Read UVA Frat's Statement About 'Rolling Stone'

On Friday, just one hour after Rolling Stone published a formal apology note about its article about an alleged gang-rape at a fraternity — named as Phi Kappa Psi by the article — of the University of Virginia, Phi Kappa Psi released its own statement on the story. In it, Phi Kappa Psi vehemently denied key allegations made by Rolling Stone in the article, as The Washington Post had reported it would. It added that it was fully compliant with the criminal investigation into the fraternity.

The article thrust UVA, and in particular Phi Kappa Psi, into the spotlight, and UVA responded by temporarily shutting down all fraternities. Rolling Stone's decision to name the specific fraternity the accused had named led to the fraternity becoming symbolic of sex assault on college campuses across the nation, and passionate demonstrations were held in protest of Phi Kappa Psi both outside the fraternity and elsewhere.

In its apology note, Rolling Stone wrote that there were "discrepancies" in the article, writing that their trust in the victim, "Jackie," had been eroded and they no longer stood by parts of her story. The specific parts of the 9,000-word story that were in question weren't explicitly named by Rolling Stone, but The Washington Post and other outlets have said that several notable details were false. Phi Kappa Psi never held a party the night that Jackie said she was assaulted, the fraternity said in its statement, and specific details Jackie told Rolling Stone about her attackers don't check out with the fraternity's members.

Over the past two weeks the Virginia Alpha Chapter of Phi Kappa Psi has been working tirelessly and openly with the Charlottesville Police Department as they investigate the allegations detailed in the November 19, 2012 Rolling Stone article. We continue to be shocked by the allegations and saddened by this story. We have no knowledge of these alleged acts being committed at our house or by our members. Anyone who commits any form of sexual assault, wherever or whenever, should be identified and brought to justice.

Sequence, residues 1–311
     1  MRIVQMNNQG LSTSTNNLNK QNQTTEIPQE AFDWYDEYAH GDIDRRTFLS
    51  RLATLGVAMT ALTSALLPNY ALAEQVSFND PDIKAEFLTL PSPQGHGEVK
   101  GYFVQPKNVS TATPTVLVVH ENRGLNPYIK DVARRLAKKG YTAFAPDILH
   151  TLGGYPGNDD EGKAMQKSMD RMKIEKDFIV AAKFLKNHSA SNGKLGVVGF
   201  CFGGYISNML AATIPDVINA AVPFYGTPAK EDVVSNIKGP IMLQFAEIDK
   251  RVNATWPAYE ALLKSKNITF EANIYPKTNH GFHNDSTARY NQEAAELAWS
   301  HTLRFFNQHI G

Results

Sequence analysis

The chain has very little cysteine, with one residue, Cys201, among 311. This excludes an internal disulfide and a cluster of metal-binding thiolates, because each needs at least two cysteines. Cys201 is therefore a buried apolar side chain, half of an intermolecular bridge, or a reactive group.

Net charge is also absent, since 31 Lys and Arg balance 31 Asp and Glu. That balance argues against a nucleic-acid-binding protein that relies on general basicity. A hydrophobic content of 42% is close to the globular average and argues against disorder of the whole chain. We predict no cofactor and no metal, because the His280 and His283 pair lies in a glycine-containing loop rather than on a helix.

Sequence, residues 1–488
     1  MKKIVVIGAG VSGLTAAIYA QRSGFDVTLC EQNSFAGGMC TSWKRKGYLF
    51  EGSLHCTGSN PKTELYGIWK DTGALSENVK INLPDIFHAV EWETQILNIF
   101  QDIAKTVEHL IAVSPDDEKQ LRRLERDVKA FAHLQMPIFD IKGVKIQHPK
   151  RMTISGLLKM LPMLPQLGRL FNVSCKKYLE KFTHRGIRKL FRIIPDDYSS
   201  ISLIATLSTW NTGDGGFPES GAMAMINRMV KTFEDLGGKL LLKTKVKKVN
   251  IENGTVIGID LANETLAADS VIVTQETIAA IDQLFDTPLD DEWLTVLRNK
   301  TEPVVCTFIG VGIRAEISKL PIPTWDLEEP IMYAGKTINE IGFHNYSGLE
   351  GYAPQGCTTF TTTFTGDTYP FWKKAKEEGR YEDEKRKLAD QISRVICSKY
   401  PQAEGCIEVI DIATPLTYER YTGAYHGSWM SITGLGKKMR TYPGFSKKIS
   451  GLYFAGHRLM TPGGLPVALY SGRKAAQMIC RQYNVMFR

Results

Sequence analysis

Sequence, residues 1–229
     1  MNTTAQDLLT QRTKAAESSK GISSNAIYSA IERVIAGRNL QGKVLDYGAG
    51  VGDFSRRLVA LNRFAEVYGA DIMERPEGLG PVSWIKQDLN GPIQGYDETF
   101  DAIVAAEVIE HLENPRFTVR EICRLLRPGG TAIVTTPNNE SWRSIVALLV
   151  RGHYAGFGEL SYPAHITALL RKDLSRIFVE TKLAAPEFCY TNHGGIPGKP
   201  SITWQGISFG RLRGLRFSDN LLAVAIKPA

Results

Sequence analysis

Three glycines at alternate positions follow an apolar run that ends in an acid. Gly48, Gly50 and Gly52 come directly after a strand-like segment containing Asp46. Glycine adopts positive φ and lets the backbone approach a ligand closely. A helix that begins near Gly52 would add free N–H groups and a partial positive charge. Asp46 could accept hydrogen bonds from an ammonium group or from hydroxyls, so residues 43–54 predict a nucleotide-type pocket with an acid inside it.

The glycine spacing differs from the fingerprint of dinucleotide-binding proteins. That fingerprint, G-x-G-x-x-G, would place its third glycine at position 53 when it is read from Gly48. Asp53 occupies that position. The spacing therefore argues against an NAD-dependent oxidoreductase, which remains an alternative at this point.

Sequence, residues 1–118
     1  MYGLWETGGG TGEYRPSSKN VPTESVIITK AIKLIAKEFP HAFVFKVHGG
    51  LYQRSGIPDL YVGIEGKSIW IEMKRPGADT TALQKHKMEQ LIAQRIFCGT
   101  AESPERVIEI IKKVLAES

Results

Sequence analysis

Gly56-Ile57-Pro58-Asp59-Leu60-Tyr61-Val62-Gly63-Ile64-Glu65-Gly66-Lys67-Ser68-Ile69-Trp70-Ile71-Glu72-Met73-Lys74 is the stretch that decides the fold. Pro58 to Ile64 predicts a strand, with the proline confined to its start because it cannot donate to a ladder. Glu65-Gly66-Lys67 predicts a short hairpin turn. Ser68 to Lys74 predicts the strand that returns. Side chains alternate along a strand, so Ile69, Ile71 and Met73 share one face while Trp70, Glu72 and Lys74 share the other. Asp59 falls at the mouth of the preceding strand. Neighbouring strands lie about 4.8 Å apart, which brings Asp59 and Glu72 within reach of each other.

In tandem with the Charlottesville Police Department’s investigation, the Chapter’s undergraduate members have made efforts to contribute with internal fact-finding. Our initial doubts as to the accuracy of the article have only been strengthened as alumni and undergraduate members have delved deeper. Given the ongoing nature of the criminal investigation, which we fully support, we do not feel it would be appropriate at this time to provide more than the following:
First, the 2012 roster of employees at the Aquatic and Fitness Center does not list a Phi Kappa Psi as a lifeguard. As far as we have determined, no member of our fraternity worked there in any capacity during this time period.
Second, the Chapter did not have a date function or a social event during the weekend of September 28th 2012.
Third, our Chapter's pledging and initiation periods, as required by the University and Inter-Fraternity Council, take place solely in the spring semester and not in the fall semester. We document the initiation of new members at the end of each spring. Moreover, no ritualized sexual assault is part of our pledging or initiation process. This notion is vile, and we vehemently refute this claim.
It is our hope that this information will encourage people who may know anything relevant to this case to contact the Charlottesville Police Department as soon as possible. In the meantime, we will continue to assist investigators in whatever way we can.